“Cootie” Scientists are Observational Too!

It’s always nice to see an old colleague in print, even if he is referred to as a “cootie scientist”.  So I was glad to see NewScientist do an interview with Noah Fierer, who was in grad school with me at UCSB some years ago (reprinted in Slate here, with “cootie” substituting for the apparently too scientific “microbe” in the headline). What was really exciting is how much Noah’s work—which in part involves screening everyday environments like bathrooms and kitchens for their microbial ecology–fits the model of technology-enabled observational discovery that we discuss in Observation and Ecology.  Noah notes how similar his work is to that of early naturalists—where they were discovering new species they could see and hear (and usually shoot) and trying to piece together their relationships—Noah and his lab are uncovering the hidden world of microbes and just making the first linkages to understand the ecology (not just the diversity) of the microbial world.  Alas, Noah confided in me that he too has been beaten up by the “it’s just a fishing expedition” critique, which Aníbal and I take to task in Chapter 7 of Observation and Ecology. If you’ve ever heard this critique (most likely in a rejected grant application!) take heart—great scientists like Noah have heard it too! And if you’ve ever made this critique, what do you have against fishing expeditions?  Most of the really important ecological discoveries started with scientists like Noah, who were curious enough to cast a line and observe what wonderful things get reeled in.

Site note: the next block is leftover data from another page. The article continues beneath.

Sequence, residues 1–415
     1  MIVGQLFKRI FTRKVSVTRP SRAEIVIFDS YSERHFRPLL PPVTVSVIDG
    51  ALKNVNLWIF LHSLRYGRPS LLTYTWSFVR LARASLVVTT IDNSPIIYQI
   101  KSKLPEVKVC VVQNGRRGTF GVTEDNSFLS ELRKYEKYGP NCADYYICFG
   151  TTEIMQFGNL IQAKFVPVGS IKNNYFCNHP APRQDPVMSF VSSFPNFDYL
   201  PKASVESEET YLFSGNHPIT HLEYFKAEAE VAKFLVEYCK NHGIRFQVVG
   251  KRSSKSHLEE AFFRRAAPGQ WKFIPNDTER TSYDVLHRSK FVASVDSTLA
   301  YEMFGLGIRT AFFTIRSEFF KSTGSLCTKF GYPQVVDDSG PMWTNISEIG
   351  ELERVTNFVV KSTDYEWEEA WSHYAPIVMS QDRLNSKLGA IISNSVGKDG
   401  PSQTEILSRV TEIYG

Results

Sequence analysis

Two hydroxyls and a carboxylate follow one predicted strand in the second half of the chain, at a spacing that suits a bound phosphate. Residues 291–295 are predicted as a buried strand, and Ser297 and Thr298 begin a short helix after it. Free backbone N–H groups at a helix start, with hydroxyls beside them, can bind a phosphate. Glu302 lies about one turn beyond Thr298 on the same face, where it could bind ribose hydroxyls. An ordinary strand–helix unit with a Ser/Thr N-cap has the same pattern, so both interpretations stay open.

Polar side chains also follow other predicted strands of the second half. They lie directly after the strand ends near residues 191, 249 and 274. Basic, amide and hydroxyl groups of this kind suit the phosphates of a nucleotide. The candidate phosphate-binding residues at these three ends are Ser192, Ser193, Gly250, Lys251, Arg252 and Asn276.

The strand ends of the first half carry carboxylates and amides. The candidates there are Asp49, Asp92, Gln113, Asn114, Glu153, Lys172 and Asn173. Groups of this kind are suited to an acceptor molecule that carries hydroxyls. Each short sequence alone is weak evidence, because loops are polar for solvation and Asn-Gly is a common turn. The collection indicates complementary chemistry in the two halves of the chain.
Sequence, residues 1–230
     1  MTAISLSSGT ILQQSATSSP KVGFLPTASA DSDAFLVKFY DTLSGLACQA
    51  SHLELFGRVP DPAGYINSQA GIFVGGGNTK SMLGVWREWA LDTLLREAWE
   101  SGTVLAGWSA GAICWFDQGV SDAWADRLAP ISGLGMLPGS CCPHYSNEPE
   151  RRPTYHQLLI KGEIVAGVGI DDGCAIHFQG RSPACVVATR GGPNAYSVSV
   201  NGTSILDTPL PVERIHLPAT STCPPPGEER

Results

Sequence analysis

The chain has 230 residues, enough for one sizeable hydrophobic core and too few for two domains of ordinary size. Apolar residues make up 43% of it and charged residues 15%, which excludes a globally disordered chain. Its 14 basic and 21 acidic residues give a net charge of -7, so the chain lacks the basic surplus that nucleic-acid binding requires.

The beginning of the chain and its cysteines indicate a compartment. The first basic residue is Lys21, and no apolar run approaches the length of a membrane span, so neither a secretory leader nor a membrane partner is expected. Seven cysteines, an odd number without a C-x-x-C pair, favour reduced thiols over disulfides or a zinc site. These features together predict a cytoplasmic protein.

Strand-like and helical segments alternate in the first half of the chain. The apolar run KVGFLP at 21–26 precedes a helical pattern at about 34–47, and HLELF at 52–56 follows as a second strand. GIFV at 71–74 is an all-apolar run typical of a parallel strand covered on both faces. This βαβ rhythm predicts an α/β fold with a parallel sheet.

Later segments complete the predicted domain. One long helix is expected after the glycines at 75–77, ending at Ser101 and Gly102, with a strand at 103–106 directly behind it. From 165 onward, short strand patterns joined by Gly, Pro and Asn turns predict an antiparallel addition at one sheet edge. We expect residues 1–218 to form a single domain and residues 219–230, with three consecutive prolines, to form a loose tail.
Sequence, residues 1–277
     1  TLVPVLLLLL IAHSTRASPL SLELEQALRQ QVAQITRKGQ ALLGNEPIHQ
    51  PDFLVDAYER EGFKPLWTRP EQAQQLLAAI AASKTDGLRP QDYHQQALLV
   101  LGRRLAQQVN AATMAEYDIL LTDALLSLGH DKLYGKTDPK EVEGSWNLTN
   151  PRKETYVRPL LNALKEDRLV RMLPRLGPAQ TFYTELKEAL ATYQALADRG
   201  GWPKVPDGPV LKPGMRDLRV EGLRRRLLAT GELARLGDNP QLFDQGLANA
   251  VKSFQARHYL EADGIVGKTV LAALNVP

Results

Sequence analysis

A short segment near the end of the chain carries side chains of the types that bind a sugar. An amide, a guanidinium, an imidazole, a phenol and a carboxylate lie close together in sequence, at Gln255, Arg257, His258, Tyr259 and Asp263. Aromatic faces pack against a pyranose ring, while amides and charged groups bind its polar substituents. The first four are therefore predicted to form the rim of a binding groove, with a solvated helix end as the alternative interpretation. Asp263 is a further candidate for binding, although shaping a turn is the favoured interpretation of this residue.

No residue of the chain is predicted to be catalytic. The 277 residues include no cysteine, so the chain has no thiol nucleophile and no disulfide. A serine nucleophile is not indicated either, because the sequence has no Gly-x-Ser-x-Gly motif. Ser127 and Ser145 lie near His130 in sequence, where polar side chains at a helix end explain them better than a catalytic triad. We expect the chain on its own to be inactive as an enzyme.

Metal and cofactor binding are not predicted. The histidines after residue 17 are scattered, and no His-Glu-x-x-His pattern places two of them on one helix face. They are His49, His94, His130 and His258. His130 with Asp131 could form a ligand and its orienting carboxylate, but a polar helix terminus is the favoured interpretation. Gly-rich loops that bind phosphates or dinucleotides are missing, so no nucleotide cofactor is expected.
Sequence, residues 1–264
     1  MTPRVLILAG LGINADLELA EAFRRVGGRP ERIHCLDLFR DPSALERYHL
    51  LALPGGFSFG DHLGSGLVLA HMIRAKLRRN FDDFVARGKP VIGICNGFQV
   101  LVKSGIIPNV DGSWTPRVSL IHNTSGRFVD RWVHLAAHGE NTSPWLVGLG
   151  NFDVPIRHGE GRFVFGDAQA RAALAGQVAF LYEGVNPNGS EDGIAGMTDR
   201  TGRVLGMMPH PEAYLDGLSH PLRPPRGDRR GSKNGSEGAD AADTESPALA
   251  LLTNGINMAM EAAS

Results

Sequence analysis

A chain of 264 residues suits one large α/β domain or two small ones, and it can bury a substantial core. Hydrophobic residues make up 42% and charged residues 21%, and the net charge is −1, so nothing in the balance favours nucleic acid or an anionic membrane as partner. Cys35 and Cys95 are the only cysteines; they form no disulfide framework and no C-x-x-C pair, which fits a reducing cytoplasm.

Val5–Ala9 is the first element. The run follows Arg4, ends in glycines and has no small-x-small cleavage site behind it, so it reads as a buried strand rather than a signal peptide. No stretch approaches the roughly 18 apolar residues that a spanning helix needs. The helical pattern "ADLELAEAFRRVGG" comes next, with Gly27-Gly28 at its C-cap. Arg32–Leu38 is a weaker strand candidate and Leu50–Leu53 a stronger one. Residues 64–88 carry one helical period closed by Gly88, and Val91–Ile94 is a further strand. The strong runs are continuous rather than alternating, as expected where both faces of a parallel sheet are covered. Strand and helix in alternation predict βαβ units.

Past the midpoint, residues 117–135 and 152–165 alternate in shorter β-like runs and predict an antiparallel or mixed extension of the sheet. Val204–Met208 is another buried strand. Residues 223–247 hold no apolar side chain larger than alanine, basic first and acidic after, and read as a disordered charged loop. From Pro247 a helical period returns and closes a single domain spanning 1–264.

About Rafe

Rafe Sagarin is a marine ecologist and environmental policy analyst at the University of Arizona. In both his science and policy work, Sagarin connects basic observations of nature to issues of broad societal interest, including conservation biology, protecting public trust resources, and making responses to terrorism and other security threats more adaptable. Dr. Sagarin is a recipient of a 2011 Guggenheim Fellowship and has recently published two books, Learning from the Octopus (Basic Books, March 2012) and Observation and Ecology (Island Press, July 2012), which show how nature observation--when extended across large scales and enhanced with both new technologies and greater deference to traditional knowledge sources—is revealing profound new insights about our dynamic social and ecological world. He was a Geological Society of America Congressional Science Fellow in the office of U.S. Representative (and later U.S. Secretary of Labor) Hilda Solis. He has taught ecology and environmental policy at Duke University, California State University Monterey Bay, Stanford University, University of California, Los Angeles and University of Arizona. His research has appeared in Science, Nature, Conservation Biology, Ecological Monographs, Trends in Ecology and Evolution, Foreign Policy, Homeland Security Affairs and other leading journals, magazines, and newspapers. He is the editor, with Terence Taylor of the volume Natural Security: A Darwinian Approach to a Dangerous World (2008, University of California Press).
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